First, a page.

“Look, without our stories, without the true nature and reality of who we are as People of Color, nothing about fanboy or fangirl culture would make sense. What I mean by that is: if it wasn’t for race, X-Men doesn’t sense. If it wasn’t for the history of breeding human beings in the New World through chattel slavery, Dune doesn’t make sense. If it wasn’t for the history of colonialism and imperialism, Star Wars doesn’t make sense. If it wasn’t for the extermination of so many Indigenous First Nations, most of what we call science fiction’s contact stories doesn’t make sense. Without us as the secret sauce, none of this works, and it is about time that we understood that we are the Force that holds the Star Wars universe together. We’re the Prime Directive that makes Star Trek possible, yeah. In the Green Lantern Corps, we are the oath. We are all of these things—erased, and yet without us—we are essential.”
Actors of Colour
by Shane Thomas
CONTENT NOTE: Some of the video links in this piece are NSFW due to strong language.
While it’s less of a rarity to see non-white actors on our television screens these days, there’s no doubt that it remains difficult for actors of colour to find work in Britain. And while I’m generally not an optimistic sort, the following is a list of actors that could hopefully affect progressive change in this respect.
Rather than focus on more mainstream names such as Idris Elba, Naomie Harris, or Chiwetel Ejiofor, or on older names who are less known, like Nadine Marshall, Benedict Wong, or Dona Croll, this is a list of younger actors of colour who are worth keeping an eye on:
asian westeros au: china as the north
the wolf on a field of ice and stone. ice, hardened by turmoil. stone, dark with age. they say when you go north, you never truly leave it. the cold, when it comes, stitches spikes upon the skin. this is the land of winter, of a war-hardened people whose blood spill not in rivers but cascade in hail. they say when a northerner dies, the land gets ever harder until no southerner can till the plains and tame the mountains. the age of heroes had been a patchwork of dynasty upon dynasty, each emperor crowned by snowfall, beget with hearts of ice. the qin dynasty unified the greater families and when barbarians threatened their delicate peace, they had built a wall; han breathed upon a swell of new territory and marked the silk road to trade with the south; tang brought the golden age, commerce and renown. they had been the most loved until the death of the recent lord and the coming of the mongols. those born with ice in their hearts refuse to thaw, until their feet too have rooted upon the infertile earth. to pray to the gods is to pray to the past, and every father and mother that leaves the earth only thickens the stone until houses become temples, and palaces are carved with the heavens. they say the north is for the north, and the cold takes care of its own.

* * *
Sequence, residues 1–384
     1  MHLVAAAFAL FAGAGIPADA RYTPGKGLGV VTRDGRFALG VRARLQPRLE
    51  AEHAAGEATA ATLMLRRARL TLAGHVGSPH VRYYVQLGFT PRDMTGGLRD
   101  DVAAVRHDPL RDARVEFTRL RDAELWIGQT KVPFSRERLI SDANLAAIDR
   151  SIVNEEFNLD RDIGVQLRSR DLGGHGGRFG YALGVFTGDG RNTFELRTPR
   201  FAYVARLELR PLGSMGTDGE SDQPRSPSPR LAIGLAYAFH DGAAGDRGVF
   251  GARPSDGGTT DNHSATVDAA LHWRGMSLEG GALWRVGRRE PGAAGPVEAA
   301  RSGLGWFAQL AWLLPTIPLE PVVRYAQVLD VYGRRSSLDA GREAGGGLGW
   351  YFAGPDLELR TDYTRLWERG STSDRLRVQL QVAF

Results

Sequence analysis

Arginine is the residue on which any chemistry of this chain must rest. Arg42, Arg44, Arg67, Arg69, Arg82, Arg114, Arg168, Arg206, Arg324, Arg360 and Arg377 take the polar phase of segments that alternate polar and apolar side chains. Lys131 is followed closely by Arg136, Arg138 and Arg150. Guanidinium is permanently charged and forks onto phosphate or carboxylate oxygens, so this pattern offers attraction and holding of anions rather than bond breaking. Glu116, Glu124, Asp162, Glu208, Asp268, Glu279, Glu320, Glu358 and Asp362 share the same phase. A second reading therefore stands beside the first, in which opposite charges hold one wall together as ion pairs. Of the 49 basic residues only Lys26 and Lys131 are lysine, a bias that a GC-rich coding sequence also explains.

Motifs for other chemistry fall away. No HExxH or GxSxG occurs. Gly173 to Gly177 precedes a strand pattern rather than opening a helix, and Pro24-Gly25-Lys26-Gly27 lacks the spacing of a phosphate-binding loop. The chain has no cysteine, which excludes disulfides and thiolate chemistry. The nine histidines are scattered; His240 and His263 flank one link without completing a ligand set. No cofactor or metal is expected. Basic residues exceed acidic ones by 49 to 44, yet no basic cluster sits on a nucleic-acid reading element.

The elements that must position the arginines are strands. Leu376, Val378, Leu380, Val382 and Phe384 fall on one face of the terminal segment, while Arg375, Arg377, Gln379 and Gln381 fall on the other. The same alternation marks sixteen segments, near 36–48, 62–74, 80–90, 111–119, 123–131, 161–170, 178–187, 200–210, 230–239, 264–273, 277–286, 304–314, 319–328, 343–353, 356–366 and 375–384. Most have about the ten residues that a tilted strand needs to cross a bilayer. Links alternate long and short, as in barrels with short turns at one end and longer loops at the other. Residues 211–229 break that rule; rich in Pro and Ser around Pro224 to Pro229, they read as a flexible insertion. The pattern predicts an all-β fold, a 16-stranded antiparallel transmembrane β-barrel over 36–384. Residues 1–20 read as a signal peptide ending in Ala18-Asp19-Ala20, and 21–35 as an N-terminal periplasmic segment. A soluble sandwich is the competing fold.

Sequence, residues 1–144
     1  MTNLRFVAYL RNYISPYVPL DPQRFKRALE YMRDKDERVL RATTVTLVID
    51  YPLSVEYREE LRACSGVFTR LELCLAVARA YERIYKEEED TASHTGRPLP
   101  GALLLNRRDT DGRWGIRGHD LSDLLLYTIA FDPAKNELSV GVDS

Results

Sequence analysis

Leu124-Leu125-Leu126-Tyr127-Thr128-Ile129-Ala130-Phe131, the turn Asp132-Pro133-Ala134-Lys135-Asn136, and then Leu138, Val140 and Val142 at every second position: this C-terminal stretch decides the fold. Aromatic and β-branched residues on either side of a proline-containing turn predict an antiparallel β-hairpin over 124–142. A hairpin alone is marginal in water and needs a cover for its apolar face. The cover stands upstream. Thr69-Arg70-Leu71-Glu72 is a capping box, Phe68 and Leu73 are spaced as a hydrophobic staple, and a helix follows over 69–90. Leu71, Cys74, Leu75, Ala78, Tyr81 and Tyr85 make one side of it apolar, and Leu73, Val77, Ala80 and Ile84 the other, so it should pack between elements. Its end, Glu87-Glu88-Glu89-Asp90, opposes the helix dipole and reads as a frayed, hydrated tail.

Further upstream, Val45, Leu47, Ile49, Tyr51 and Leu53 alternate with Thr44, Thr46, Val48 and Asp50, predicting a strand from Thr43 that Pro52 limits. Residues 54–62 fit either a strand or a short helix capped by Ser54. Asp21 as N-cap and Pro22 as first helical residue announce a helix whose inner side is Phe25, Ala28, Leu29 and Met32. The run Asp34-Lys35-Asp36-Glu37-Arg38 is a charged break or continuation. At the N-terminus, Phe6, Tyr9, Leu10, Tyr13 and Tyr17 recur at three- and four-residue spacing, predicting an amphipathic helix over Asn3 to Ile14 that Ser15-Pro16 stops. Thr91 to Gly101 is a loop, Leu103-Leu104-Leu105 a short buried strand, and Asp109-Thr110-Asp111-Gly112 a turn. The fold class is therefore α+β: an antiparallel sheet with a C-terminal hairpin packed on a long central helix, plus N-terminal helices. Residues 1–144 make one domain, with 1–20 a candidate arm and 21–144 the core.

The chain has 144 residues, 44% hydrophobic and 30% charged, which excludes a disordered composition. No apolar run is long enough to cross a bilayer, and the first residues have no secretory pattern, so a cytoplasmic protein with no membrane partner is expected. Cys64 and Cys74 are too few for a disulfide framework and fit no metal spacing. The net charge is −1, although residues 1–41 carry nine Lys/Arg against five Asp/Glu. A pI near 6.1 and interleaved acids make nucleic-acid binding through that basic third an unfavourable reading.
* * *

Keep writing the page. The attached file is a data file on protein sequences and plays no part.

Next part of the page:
Friendly reminder that fantasy universes don’t have to be based on Eurocentric cultures.
There are only a few women in the world who could pull off something so impossible.
Since you’re on the bus, I thought it had to be her.
"First and foremost, Emily is just like the other PLLs. When you look at this poster (PLL promo), when you see a picture of all four of the girls together, not one stands out to be like oh that’s the one, that’s the gay character. That’s the lesbian one. There was nothing like that. I absolutely loved that about the show.” - Shay Mitchell.
“My name is Paikea Apirana, and I come from a long line of chiefs stretching all the way back to the whale rider. I’m not a prophet, but I know that our people will keep going forward, all together, with all of our strength.” - Paikea
SHEROES | Paikea “Pai” Apirana - Whale Rider (2002)
Reasons why she is a shero:
She fights to learn the “qualities of a chief”, even if that means upsetting the grandfather she adores.
Risks her life in order to save a beached whale.
Despite her tribe’s strict traditions, she believes in herself, her destiny, and the future of her people.
- And damn if she’s not faster than a school bus
[picture source: Cine Virgilio]
Except it’s not. It’s not fine.